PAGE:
Friday, December 5, 2008


I am writing this arTCIle in exchange for a granola bar. Thanks to Harry for the granola bar. It was good. It is also the only nourishment I have ever received in exchange for writing. I am very excited about this step up in the world. It's gonna be hard work to break out of the “starving artist” career path into the “moderately well fed but still without health care artist” career path.


by Ross

JULY 2016


I managed to catch J, a former TCI camper, a few minutes before his band's show at the Warehouse Next Door on 7th Street. On stage he's still a furious hurricane of emotion and frustration but off stage he's managed to relax a bit. We first met back at TCI when he swaggered up to me and demanded to leave the makeshift dining area (read: gym) for no legitimate reason. He then accused me of being a “fake counselor” and tried to push through to the outside. Now, 10 years later, he's heading DC's most chaoTCI, ritualisTCI, tribal and outright rocking punk band, “I LOVE HELL.”

Here's a transcript of our conversation outside the club.

R: “It seems like punk music is a good fit for you. What drew you to it?”

J: “It was mostly that I was bored during high school and wasn't learning anything so I stopped doing my homework and started making tons of noise. I had to do it, there was no choice involved.”

R: “What parts of your background have influenced you most in the past few years?”

J: “TCI for one. I wasn't all that focused during my time there but being there definitely helped instill a kind of DIY ethic that I now apply to my music. I can thank TCI for my increasing deafness and the ringing in my ears, among other things.”

R: “Other things?”

J: “Well, I 'cheesed' me in the head and gave me a bloody nose at the last show while she was playing guitar.”

R: “Ow. When did she join up?”

J: “She and A were the first to join the band. They have this really weird sound going on, I turns the bass up all the way on the guitar so it sounds kind of like an electric cello or something and creates these low-to-mid-range tones that really mess with people's heads.”

R: “How do you feel about DC bands these days?”

J: “They suck. Well, not all of them. There's a few, like “Old Man Mckaye” and “Sun Fiber” that are pretty good. The rest lack ass, though.

R: “Ass? Like, booty-shaking ass?”

J: “Hmm.. Well, there's a difference between “booty” and “ass.” Booty is primarily associated with the low-frequency vibe that gets people moving, which is great, but as we've found with most over-produced modern music, booty alone is not sufficient for powerful music. The 'ass factor,' as I like to call it, cannot be easily replicated by a producer. Booty can be digitally injected into a song but the ass- the physical tension and release of music comparable to the rectum during defecation- cannot be synthesized.”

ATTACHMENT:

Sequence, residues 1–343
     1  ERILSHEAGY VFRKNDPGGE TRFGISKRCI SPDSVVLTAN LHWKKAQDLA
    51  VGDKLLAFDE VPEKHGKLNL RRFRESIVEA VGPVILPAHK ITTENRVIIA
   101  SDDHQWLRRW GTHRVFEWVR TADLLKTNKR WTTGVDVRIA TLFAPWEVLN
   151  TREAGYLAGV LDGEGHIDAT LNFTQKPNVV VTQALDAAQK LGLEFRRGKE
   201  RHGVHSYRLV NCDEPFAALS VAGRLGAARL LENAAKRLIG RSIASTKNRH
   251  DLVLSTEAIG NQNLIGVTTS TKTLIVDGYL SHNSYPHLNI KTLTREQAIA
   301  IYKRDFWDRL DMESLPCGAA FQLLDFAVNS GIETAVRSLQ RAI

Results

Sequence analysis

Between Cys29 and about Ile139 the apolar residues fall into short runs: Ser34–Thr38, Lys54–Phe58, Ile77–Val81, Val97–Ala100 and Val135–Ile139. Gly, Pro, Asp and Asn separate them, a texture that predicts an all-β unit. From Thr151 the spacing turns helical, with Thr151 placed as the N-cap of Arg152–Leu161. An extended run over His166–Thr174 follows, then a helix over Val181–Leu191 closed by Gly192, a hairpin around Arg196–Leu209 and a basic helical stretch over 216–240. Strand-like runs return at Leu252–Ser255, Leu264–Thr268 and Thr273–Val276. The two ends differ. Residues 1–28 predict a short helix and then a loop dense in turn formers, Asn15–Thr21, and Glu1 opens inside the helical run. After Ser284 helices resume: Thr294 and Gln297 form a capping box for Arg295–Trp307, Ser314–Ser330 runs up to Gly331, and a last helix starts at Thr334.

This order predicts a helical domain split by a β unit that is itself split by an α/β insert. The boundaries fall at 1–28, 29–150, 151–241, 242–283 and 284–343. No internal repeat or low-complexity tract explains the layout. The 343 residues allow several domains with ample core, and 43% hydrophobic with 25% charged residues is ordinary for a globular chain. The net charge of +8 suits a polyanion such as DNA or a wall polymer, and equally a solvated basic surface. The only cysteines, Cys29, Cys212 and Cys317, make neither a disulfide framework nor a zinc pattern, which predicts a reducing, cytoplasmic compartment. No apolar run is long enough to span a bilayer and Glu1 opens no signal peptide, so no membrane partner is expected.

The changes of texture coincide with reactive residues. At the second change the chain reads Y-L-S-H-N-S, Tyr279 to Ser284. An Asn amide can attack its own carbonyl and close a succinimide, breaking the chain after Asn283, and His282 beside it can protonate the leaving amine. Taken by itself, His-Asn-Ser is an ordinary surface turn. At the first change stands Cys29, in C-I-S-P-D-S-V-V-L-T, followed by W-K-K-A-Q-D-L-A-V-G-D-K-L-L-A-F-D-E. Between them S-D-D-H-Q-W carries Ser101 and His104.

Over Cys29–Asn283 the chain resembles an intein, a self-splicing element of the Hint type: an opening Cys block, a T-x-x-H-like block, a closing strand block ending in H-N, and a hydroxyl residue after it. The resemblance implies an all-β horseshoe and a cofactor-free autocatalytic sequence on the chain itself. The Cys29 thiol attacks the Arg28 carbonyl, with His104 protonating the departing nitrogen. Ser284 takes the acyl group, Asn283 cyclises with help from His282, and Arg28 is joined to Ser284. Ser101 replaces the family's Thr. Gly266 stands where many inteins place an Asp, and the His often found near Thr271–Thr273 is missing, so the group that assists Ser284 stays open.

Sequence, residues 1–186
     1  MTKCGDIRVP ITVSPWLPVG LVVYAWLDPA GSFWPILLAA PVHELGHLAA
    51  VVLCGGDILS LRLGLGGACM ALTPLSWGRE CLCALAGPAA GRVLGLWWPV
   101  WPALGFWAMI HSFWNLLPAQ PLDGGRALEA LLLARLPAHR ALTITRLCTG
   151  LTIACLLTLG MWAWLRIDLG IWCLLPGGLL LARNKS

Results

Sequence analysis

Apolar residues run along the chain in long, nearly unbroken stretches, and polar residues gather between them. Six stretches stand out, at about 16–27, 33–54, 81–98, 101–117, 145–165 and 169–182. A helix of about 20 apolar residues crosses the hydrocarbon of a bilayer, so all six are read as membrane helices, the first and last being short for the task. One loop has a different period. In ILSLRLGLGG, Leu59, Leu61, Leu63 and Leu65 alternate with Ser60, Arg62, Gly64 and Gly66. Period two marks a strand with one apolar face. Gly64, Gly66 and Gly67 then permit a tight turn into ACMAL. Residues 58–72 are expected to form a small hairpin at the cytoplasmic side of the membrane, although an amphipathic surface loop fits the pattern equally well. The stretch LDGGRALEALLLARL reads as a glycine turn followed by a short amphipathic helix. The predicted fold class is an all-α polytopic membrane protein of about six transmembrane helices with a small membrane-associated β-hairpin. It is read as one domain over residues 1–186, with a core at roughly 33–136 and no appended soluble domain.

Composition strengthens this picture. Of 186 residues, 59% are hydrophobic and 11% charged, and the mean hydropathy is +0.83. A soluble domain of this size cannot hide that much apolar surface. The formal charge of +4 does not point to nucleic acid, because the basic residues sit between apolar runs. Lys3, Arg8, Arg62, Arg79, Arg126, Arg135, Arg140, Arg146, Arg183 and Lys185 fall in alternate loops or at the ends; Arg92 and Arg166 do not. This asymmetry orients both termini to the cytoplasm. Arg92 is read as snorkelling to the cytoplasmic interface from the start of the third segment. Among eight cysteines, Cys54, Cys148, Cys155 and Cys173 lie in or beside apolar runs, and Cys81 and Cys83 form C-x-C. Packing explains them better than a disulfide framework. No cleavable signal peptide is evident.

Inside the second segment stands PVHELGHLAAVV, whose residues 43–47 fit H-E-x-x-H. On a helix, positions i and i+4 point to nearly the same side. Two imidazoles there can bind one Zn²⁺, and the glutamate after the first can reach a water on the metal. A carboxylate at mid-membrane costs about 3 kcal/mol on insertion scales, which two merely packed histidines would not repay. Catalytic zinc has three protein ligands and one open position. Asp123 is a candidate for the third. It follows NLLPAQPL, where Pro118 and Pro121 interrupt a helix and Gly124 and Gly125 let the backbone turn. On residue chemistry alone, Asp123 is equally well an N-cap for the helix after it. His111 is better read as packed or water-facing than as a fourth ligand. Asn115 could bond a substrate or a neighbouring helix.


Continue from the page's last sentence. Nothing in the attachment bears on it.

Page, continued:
R: “I see. So most music these days is severely lacking in ass.”

J: “Yes. You could say that.”

At this point in the tape, J and I stepped into a corner store to get water. We plonked down $12 for 2 bottles. As J finished up his drink I asked him about the newest member of the band, S.

J: “A and I are great. There's no one in DC that plays harder than them but it was beginning to get a little stale with just us. S's interesting not only because is she a brutal bass player but she also has this kind of hypnoTCI drone sound that complement's I's noisy freakouts really well.”

R: “Do you plan on going into the studio any time soon?”

J: “I'm a little worried about that. I tend to get a little stir crazy at times and the studio is a scary, claustrophobic and time-bending place. I'd like to think we could just hop in there and hammer out an album or something but I know it'll turn into some kind of huge debacle. That's how it always is with us. I don't want the whole band thing to explode in our faces but at the same time that's kind of what makes it interesting for me, the conflicting and contrasting energies of different people.”

R: “Where do you see your sound headed in the next few years?”

J: “Well, we've all gotten a lot better at our instruments. That helps with songwriting. S's been working with I on this mind-control stuff..”

R: “Mind control?”

J: “Well, more like sublimation at this point. They've been reading about this band back in the 60's or 70's that would play a jam based on a word, like, apple, for example, without telling the audience what the word was. Then they'd ask the audience what the music made them think or feel. They recorded their failures in and successes in communicating the words and compiled a book.. We haven't gotten anywhere near that far, though. We just play as hard as possible.”

R: “What do you plan to accomplish with those kinds of tacTCIs?”

J: “I don't know. I never know what we'll end up doing. We just make the music and hope it causes some kind or raucous, chaoTCI joy.”

R: “Thanks for your time, J.”

J: “Thank you.”

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